Note: A shorter version of this post first appeared in Wednesday Journal and OakPark.com on July 12, 2022. Read the piece on OakPark.com »
By Kheir Fakhreldin, Archivist in Special Collections
Ernest Hemingway was a lifelong baseball fan and wrote memorably about it in In Our Time, A Farewell to Arms, and The Old Man and the Sea.
He even kept a memento from a 1918 Yankees-White Sox game with him during his service in World War I and for many years after. This ticket stub is now in the Hemingway Archives in Special Collections at Oak Park Public Library.
Hemingway goes to New York for Red Cross training
Before being sent to Europe for his World War I service as an ambulance driver, Hemingway arrived in New York City on May 13, 1918, for training with the Red Cross.
Although he never mentioned seeing a baseball game, we know a lot about his time in New York from letters he wrote telling about his training and sightseeing (as collected in The Letters of Ernest Hemingway. Vol. 1, 1907-1922).
In a May 14 letter to his parents back in Oak Park, Hemingway recounted seeing Riverside Drive, Grant’s Tomb, the Statue of Liberty, and the Woolworth Tower.
As a joke, the 18-year-old Hemingway also told them he was engaged.
He repeated the joke in a letter of May 18. The same day, he marched with his fellow recruits in the American Red Cross Parade down Fifth Avenue, where he saluted President Wilson—or as Hemingway called him, “Ye Great Woodrow.”
On May 19, he sent his parents a telegram stating “CHEER UP AM NOT ENGAGED MARRIED OR DIVORCED THIS IS AUTHENTIC JUST JOKING HERE TILL WEDNESDAY.”
His father responded in a letter the same day, “Your wire explaining the ‘joke’ which has taken five nights sleep from your mother and father received about half hour ago. So glad to receive it, hope you have written your dear mother, who was broken hearted.”
The 1918 ticket stub Hemingway kept during WWI
Hemingway thought he would ship out Wednesday, May 22, but his departure was delayed until at least the following day. Instead of sailing for Europe, he attended the Yankees game with the ticket marked “Game 20.”
The ticket stub is printed on blue cardboard, and is identifiable as being from the 1918 season because of its reference to the War Tax, which was collected from Americans in 1917-18.
It says, “In the event that 4½ innings of this game are not played this Receipt will be recognized in payment of 8c War Tax and the additional 2c agreed to in acceptance of pass by exchanging same at War Tax Booth on day desired to witness game.”
Also on the ticket is the printed signature of Yankees president Jacob Ruppert.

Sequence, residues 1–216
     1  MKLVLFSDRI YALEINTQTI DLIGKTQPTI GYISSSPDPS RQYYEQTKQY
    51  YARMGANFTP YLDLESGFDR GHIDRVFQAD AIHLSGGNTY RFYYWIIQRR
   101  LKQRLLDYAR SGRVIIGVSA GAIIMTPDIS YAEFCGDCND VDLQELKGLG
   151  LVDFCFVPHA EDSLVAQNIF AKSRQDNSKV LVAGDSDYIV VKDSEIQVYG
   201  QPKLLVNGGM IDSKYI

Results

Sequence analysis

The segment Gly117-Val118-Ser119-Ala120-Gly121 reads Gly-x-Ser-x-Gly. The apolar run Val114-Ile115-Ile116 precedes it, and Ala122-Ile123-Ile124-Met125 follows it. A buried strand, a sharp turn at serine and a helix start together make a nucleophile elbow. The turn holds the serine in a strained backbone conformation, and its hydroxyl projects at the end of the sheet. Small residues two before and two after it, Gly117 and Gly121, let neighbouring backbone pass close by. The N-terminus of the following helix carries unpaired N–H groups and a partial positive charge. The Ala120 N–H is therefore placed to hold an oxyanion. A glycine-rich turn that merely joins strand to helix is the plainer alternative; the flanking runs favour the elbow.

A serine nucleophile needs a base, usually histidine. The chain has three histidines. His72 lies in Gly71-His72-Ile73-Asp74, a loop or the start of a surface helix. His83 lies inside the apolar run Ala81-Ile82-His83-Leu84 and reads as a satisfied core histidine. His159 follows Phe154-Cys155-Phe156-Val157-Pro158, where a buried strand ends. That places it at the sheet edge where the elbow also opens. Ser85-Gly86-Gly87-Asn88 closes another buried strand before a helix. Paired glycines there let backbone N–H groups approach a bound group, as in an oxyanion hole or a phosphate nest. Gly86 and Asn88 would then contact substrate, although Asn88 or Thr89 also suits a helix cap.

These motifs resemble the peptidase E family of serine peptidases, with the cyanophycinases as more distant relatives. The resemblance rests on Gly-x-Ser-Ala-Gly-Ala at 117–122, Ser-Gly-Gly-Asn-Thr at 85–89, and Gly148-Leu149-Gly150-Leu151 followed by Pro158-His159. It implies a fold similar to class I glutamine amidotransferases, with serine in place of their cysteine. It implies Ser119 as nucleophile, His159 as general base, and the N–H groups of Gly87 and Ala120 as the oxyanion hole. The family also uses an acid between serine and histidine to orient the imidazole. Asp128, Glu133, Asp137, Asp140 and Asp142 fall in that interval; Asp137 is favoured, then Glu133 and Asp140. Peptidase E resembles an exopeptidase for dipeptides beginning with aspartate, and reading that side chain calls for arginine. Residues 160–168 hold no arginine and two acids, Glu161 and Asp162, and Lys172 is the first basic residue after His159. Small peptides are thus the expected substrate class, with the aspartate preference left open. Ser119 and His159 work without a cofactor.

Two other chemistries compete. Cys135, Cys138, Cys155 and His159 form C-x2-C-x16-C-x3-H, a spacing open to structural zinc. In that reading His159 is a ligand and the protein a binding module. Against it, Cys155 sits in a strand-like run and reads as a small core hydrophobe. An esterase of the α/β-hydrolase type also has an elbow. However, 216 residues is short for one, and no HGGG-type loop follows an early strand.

Yankees win over White Sox
The New York Sun reported that 1,200 soldiers and sailors were present at the Polo Grounds, along with 4,000 civilians. In 14 innings, the Yankees won a remarkable 1-0 victory over the reigning world champion Chicago White Sox.
“Somewhere at some time there may have been a better ball game played,” wrote the Sun the next day. “But we question it.”
Both starting pitchers threw complete games. The Yankees’ Hank Thormahlen threw a 14-inning shutout, while the White Sox’s Eddie Cicotte had his shutout broken up when a Wally Pipp single scored Frank “Home Run” Baker with the winning run in the bottom of the 14th.
Cicotte and several other White Sox players from that day would become known as the Black Sox for allegedly conspiring to throw the World Series the following year.
Pipp would remain the Yankees’ starting first baseman until June 2, 1925, when he had a headache and was replaced in the lineup by Lou Gehrig, who would play the next 2,130 games.
Hemingway wounded in Italy
Shipping out directly from New York, Hemingway went to serve in the war in Europe in May 1918, presumably taking the ticket with him.
On July 8, 1918, Hemingway was badly wounded in both legs when a mortar hit near him in a trench near the Piave River in Italy.
He was taken to the American Red Cross hospital in Milan, where he met the first love of his life, the nurse Agnes Von Kurowsky, who later became the basis for his character Catherine Barkley in A Farewell to Arms.
As part of the Ernest Hemingway Foundation of Oak Park’s archives, the ticket stub is now in Special Collections at Oak Park Public Library, where it may be viewed along with the rest of the Waring Jones Collection.
Kheir is Archivist in Special Collections and a doctoral student in Information Science at Dominican University. He has a Master of Science in Information degree from the University of Michigan. Before joining the library, he worked in the archives at the Newberry Library and WBEZ, and in public service at La Grange Park Public Library. More about Kheir »